Joseph believes Mia’s leadership has been compromised
If political scientist Dr Tennyson Joseph could advise Leader of the Opposition Mia Mottley, he would tell her to step down as head of the Barbados Labour Party (BLP).
Joseph, a lecturer at the University of the West Indies, Cave Hill, tells Barbados TODAY that Mottley is yet to be fully accepted as leader, a year and a half after the BLP lost the national poll to the Freundel Stuart-led Democratic Labour Party.
Even as former Prime Minister Owen Arthur and St James Central MP Kerrie Symmonds last night dismissed any ideas that there were factions in the BLP, Joseph said that compounding Mottley’s problems was the fact that her role was constantly being compromised by her predecessor.
“If you are the head of an organization and every day you come to work you have difficulty with people following you, then you have to make a decision. You cannot lead that way,” he insisted.
“If I were in her place, I would not stay on as leader of the party. I would have happily recognized that the opposition to me is unrelenting and I am unable to carry the party forward in that way. I would have stepped down and allowed the party to make a decision on its leadership, but I would also continue in a very ordinary profile in the party and remember there is another election to come.”
Joseph added: “If you have a former Prime Minister in your ranks who is asserting desire for leadership, then that is a complex issue. It diminishes you as a leader. However, if Arthur dies tomorrow, Mottley would emerge as the leader of the party and the entire island would agree with it. Even persons in her ranks who are expressing dissent now would agree that she is the leader.”
The political scientist pointed out what he views as shortcomings in Mottley’s leadership, including her failure to organize mass protests following the recent triple-notch downgrade of the country’s bond rating by international ratings agency, Moody’s Investor Services.
He said that lack of action by the country’s Opposition, as well as that of other groups in response to the downgrade, clearly shows that Barbadian society is facing an institutional crisis.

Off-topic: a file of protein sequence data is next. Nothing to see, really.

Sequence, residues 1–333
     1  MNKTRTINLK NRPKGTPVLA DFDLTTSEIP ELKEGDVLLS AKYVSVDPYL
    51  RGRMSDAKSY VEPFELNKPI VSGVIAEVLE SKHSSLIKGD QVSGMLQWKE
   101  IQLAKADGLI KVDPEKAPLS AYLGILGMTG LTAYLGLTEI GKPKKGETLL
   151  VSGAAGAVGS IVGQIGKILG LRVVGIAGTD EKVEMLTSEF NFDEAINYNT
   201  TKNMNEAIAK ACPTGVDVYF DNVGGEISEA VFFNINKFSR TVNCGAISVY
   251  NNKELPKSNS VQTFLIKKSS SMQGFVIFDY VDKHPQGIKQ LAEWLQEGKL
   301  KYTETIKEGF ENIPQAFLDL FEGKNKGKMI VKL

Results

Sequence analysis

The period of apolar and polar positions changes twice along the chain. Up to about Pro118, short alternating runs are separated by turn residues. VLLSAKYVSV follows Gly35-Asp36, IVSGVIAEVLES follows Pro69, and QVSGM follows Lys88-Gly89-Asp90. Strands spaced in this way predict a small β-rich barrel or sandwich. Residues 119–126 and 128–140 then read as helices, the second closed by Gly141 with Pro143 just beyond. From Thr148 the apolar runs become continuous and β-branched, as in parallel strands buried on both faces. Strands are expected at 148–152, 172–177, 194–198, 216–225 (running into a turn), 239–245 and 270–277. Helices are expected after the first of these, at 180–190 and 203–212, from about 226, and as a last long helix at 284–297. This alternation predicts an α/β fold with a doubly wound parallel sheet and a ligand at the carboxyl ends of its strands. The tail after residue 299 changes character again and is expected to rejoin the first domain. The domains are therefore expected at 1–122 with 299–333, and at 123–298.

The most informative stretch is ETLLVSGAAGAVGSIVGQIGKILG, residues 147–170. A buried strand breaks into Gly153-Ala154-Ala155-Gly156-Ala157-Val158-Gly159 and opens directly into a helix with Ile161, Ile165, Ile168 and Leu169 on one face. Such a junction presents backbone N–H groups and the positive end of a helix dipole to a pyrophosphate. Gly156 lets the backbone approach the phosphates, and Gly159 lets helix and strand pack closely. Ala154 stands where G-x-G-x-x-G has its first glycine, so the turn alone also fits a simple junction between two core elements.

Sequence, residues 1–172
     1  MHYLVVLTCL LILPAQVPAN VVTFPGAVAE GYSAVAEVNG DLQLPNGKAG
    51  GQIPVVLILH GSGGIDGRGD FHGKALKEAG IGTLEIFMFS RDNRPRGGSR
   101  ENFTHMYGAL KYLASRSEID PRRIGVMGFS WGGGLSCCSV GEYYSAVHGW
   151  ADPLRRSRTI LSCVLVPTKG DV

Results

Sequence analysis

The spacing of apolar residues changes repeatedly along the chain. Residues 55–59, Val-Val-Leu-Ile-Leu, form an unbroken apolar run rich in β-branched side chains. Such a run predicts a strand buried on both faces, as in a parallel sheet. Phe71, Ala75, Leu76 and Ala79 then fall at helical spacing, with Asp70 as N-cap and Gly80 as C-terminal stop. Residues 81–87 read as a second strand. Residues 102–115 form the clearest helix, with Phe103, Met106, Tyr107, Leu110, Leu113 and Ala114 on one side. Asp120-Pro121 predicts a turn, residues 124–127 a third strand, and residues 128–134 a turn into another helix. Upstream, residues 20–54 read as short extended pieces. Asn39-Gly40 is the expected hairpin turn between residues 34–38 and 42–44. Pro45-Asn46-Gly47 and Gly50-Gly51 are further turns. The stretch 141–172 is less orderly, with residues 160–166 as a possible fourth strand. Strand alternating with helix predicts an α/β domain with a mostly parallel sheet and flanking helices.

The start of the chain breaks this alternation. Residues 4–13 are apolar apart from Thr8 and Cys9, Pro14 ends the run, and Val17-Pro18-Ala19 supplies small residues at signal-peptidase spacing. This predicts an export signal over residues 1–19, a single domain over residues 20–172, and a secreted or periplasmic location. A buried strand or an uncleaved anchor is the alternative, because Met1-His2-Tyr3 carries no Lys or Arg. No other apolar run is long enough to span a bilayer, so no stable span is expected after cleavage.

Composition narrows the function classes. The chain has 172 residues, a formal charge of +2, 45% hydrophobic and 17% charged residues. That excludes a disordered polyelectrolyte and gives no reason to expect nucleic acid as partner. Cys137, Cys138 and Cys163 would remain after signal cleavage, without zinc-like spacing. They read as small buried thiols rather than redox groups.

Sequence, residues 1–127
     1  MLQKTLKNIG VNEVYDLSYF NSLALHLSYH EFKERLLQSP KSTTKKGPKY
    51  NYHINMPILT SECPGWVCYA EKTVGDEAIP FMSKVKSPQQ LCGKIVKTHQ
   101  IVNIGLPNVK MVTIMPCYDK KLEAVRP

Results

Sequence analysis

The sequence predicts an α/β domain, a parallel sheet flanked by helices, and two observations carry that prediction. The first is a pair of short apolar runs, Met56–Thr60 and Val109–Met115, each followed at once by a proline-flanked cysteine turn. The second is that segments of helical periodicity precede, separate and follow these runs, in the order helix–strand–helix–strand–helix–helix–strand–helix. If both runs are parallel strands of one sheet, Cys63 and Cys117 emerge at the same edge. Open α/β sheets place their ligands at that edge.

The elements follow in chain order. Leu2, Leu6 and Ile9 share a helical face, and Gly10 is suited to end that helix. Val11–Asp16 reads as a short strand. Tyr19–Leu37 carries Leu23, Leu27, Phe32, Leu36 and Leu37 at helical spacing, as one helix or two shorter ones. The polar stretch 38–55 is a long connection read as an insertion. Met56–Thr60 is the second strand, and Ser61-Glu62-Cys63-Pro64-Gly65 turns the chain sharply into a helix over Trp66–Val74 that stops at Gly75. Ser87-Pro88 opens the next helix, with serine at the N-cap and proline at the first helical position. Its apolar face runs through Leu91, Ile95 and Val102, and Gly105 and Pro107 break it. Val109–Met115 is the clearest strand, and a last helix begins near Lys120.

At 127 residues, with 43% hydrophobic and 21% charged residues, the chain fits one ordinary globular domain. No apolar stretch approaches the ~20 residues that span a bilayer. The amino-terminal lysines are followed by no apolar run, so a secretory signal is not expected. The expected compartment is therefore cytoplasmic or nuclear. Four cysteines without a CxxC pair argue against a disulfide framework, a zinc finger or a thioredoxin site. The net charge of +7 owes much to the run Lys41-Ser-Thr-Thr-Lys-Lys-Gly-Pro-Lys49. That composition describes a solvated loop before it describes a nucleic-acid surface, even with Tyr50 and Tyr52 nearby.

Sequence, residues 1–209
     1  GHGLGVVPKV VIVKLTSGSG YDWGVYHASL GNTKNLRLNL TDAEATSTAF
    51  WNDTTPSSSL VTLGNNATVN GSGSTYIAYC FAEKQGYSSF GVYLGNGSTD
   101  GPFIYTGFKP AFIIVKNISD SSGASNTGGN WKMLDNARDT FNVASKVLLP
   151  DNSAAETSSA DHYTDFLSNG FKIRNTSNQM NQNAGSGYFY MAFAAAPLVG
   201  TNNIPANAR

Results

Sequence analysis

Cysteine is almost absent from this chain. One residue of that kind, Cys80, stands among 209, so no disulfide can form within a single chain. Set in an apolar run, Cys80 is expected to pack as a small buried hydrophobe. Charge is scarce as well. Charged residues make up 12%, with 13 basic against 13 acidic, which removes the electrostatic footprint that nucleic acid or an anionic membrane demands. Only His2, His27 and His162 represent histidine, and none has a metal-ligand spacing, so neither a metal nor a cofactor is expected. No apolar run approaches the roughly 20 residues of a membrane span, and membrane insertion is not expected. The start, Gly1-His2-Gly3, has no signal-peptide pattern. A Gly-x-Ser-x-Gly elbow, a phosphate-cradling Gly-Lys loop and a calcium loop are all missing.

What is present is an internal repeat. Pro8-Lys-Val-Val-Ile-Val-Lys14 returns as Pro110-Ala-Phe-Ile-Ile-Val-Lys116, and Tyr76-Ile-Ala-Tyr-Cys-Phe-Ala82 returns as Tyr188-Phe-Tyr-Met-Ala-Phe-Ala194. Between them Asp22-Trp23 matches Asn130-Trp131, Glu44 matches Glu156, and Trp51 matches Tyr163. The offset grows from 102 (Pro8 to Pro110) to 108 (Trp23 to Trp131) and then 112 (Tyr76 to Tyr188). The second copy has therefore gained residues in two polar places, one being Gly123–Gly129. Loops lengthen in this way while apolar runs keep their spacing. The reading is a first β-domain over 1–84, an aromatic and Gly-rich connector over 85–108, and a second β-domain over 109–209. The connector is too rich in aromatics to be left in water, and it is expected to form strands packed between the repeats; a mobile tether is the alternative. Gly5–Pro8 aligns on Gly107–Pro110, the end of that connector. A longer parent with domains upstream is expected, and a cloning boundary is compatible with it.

“The trade unions have not taken to the streets. All of the institutions which we assume are institutions of mass action have been compromised, including the political parties. What Bobby Clarke’s march [last Friday] demonstrated is that the statement made by the unions that people do not want to strike shows their compromised nature. Why have they not done it?” Joseph challenged.
“Mia Mottley engaged in mass action with the town hall meetings, but even then she was criticized from within the party. At one time I recognized that she did not know what to do. People even from within her party were saying she was power hungry. There is a point where a leader needs a mass movement behind them.
“There was a point where she was saying that some other people should say something. When there was the downgrade she said I am waiting to hear what other people have to say. That was the sign of a leader tired of being out front with nobody at her back.”
Speaking at a BLP St Joseph constituency branch meeting at the Grantley Adams Memorial School last night, Symmonds, addressing concerns about unity in the party, said: “We have to end this climate of distrust and fear of Labour Party people inside the Labour Party. The time has come to stop peeping under ourselves, to stop peeping behind BLP people, but to unleash the wealth that this BLP has so that the BLP can reposition and ready itself to assume the reins of Government.”
Meanwhile, Mottley was not the only political leader criticized by Joseph.
The university lecturer also issued damning condemnation of the entire crop of institutional leaders, describing some of them as very weak.
Joseph zeroed in on the leadership of Prime Minister Stuart, saying it was a classic example of someone “enjoying power for its own sake”.
“All around you are negatives; things that people used to enjoy they no longer enjoy and taxation is going up. On the broad macroeconomic level there is decline. Today, what are you achieving as a Prime Minister? That is where the question comes in, beyond the Machiavellian discussion of holding onto power at all cost. Is it a case where the balance of forces are so limited that he has no room to manoeuvre and is therefore compromised?” the academic added.
Joseph said that from as far back as when he assumed the leadership of the DLP following the death of David Thompson, Stuart should have asserted himself by reshuffling his Cabinet.
“It was the expected thing on becoming the Prime Minister. A leader who is unable to take a specific action then comes across as a weak leader and now with the economic crisis he has tied his hands even further,” he added.